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CNG Classroom

Value Added: Converting to CNG will take natural gas filling stations and an infrastructure to support the new cleaner burning vehicles. CNG industry leaders attended the grand opening of a new training facility at Tulsa Tech.
CNG Classroom

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Tulsa Tech

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Show 1204: Value Added - CNG Classroom

Air date: January 22, 2012



Rob: Well, energy independence, or at least the lessening of our dependence on foreign oil, is something every presidential administration in my memory has talked about. In that time, the U.S. has fought a couple of wars in the Middle East while also watching the price of fuel skyrocket. Still, our use of foreign oil just continues to grow. But thanks to new technology, we may be closer to breaking the grip on our foreign oil addiction. Under American soil are vast reserves of clean burning natural gas. In fact, global energy leaders estimate that this country now has twice the energy reserves of Saudi Arabia. The question now is, how do we convert our energy needs to this new domestic fuel?

Rob: When it comes to solving our country’s dependence on foreign oil there’s been no shortage of suggestions: wind turbines; nuclear energy; solar bank; energy-efficient windows; energy-efficient homes; hydro; American coal; solar panels; ethanol, not just from corn; atomic power; wood chips and stalks; or switchgrass.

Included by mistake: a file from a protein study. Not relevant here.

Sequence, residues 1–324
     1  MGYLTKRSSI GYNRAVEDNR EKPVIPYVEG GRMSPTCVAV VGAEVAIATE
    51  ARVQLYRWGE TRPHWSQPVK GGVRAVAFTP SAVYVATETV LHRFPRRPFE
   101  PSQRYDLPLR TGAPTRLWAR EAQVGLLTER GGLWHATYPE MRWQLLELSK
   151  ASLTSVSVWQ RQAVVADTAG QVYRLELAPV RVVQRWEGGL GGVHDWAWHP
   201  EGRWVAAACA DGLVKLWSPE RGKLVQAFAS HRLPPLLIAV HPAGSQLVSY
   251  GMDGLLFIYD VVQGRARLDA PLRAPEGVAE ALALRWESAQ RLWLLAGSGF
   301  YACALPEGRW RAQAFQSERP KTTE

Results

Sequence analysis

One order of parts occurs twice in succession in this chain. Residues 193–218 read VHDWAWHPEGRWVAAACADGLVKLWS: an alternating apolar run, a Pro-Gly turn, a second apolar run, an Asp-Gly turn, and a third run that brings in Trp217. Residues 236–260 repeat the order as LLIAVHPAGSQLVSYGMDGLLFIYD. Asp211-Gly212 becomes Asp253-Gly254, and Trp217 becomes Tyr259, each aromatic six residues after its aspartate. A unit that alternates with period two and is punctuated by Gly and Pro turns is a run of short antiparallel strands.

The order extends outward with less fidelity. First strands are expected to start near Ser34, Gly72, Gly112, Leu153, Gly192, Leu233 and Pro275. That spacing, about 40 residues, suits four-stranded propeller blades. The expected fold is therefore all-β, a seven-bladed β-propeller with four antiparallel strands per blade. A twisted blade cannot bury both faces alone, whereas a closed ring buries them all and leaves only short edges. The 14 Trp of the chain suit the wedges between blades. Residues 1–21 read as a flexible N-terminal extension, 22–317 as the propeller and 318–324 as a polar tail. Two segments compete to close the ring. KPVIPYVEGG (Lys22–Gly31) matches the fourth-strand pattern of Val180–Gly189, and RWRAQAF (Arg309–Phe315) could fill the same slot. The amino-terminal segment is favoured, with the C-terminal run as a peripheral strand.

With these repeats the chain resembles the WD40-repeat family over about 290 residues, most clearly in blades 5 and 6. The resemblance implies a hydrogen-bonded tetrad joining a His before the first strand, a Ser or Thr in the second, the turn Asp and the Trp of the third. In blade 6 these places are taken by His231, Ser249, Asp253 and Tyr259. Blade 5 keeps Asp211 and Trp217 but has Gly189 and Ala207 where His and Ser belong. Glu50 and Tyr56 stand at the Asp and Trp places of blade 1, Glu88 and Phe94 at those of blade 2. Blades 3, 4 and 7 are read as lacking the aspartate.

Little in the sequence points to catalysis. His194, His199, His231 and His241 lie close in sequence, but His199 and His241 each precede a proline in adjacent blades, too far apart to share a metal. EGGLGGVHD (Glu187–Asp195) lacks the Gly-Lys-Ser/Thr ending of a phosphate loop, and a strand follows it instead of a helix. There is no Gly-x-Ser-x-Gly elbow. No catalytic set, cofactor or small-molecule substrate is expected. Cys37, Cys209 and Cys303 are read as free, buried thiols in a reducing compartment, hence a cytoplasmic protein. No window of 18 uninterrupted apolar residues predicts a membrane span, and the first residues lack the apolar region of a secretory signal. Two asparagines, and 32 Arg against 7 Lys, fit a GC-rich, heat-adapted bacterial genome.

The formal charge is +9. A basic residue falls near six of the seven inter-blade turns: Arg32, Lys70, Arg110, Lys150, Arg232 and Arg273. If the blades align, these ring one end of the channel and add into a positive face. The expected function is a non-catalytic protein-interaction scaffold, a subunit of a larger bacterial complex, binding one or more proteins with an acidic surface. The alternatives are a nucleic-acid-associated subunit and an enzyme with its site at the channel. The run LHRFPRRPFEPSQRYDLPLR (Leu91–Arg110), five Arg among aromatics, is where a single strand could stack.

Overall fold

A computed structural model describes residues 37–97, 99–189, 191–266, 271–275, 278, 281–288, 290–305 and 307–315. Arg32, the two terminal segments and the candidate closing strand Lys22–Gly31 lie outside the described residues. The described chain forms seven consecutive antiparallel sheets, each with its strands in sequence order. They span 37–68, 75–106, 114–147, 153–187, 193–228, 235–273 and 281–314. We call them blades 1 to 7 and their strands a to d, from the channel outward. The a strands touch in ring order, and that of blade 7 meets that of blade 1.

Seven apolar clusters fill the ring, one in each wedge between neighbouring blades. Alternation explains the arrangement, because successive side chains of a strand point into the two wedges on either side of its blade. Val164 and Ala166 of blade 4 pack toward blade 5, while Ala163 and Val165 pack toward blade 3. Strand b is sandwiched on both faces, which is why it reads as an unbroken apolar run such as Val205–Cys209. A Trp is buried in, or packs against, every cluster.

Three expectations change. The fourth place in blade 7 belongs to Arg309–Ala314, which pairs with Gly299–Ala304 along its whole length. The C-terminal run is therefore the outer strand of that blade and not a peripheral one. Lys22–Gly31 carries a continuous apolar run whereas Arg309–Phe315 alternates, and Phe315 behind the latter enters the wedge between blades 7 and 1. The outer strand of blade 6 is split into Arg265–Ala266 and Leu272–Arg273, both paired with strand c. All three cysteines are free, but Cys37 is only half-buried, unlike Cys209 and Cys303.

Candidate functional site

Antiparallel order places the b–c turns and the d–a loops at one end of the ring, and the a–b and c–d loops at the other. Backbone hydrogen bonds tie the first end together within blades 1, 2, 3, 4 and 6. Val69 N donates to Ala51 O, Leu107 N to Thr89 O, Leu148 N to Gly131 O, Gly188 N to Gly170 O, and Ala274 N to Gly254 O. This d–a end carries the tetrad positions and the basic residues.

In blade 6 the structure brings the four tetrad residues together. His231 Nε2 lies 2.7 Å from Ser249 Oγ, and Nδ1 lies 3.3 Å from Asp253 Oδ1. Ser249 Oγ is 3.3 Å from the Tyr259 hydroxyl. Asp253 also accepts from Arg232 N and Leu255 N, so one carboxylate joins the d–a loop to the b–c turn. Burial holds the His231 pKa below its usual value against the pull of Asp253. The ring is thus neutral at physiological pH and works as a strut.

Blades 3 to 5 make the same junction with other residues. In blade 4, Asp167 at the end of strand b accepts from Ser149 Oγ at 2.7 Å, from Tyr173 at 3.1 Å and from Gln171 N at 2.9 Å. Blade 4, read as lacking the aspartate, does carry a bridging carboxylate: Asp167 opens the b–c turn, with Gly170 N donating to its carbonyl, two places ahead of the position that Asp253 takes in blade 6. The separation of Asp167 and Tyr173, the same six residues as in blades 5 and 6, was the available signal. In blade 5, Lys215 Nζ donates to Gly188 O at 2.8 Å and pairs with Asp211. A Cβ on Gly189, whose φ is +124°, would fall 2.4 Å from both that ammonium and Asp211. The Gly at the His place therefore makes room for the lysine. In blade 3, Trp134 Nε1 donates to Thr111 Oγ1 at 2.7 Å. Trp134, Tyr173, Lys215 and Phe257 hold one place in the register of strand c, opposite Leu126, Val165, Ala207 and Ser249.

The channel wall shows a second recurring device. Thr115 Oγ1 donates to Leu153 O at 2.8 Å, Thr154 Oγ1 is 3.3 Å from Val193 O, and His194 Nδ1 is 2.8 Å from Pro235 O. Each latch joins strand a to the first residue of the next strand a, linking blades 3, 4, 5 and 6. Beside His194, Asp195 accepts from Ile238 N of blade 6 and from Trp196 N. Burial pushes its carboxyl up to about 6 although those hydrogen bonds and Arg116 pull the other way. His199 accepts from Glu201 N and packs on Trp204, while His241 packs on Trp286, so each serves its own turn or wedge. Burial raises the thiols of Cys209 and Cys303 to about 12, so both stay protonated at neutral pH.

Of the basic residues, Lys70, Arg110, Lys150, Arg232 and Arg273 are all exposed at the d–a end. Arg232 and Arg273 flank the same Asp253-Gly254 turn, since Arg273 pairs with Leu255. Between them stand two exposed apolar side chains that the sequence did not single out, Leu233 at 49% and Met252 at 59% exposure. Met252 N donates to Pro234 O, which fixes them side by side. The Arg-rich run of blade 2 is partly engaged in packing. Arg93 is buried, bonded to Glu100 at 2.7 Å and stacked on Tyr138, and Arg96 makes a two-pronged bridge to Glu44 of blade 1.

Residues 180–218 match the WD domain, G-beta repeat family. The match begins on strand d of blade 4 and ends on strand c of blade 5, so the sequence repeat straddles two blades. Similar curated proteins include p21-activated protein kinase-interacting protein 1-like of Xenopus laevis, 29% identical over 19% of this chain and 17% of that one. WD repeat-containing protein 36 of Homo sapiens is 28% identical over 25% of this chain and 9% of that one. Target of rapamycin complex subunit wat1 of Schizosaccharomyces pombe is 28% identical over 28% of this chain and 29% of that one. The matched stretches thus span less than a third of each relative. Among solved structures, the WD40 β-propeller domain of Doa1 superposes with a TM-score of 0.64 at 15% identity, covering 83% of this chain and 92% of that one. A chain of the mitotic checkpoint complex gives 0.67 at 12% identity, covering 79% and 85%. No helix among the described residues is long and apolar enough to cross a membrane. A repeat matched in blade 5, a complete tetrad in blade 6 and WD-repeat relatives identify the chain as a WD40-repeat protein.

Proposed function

Rob: Most viable, but all far from reality, unlike natural gas that is both abundant and increasingly available.

I’ve had my CNG car for about a year and a half now. I absolutely love it, haven’t had any problems. It’s great for the environment; and I pay a dollar thirty-nine a gallon.

Rob: And not only less than half the price of gasoline, but also a much cleaner burning fuel.

I’ve had my CNG for about a year and a half, and it’s great. I love it. It costs me about $8 to fill up and lasts me the entire week, so on average I’m spending about $8 a week on natural gas to get around. You know, everyone asks me about my car and they ask, and they say you know how much does it cost you to fill up? And you know I’m like, uh, it’s a dollar thirty-nine as opposed to four on their end.

Rob: So if CNG is both cheaper and better for the environment, what’s the holdup? Well, that comes down to just one word: infrastructure, which is what we will spend much of our time discussing today. Joining me now is our Courtenay DeHoff.

Courtenay: Rob, if the U.S. is to convert to domestically produced CNG, it will take not only natural gas filling stations, but also the infrastructure to support the new cleaner burning vehicles, which is why leaders in the industry were in attendance at the grand opening of a new training facility at Tulsa Tech.

Courtenay: they are rolling in.


Courtenay: And rolling out fuel for the future at Tulsa Tech’s newly renovated automotive training facility. Energy advocates from across the country were on hand as they unveiled the state-of-the-art classroom, and none better known than T. Boone Pickens.

T Boone Pickens: But we’re moving in the right direction, but we’ve got a long way to go. There are 13 million vehicles now in the world on natural gas, and in the United States we have 140,000, so here we have more natural gas than any other country in the world, and we have only 140,000 vehicles on natural gas. Well, that is going to change. In five years, the oil and gas industry will look vastly different than it does today.

Courtenay: And Oklahoma will be at the forefront of that change says CareerTech’s Phil Berkenbile.

Phil Berkenbile: This is going to be the cutting edge, like I said, for not only Oklahoma but for America. And that’ll help this state so much. We waste so much natural gas because we don’t use it. And we could be doing so much with it in our vehicles, in our homes, in our everyday factories.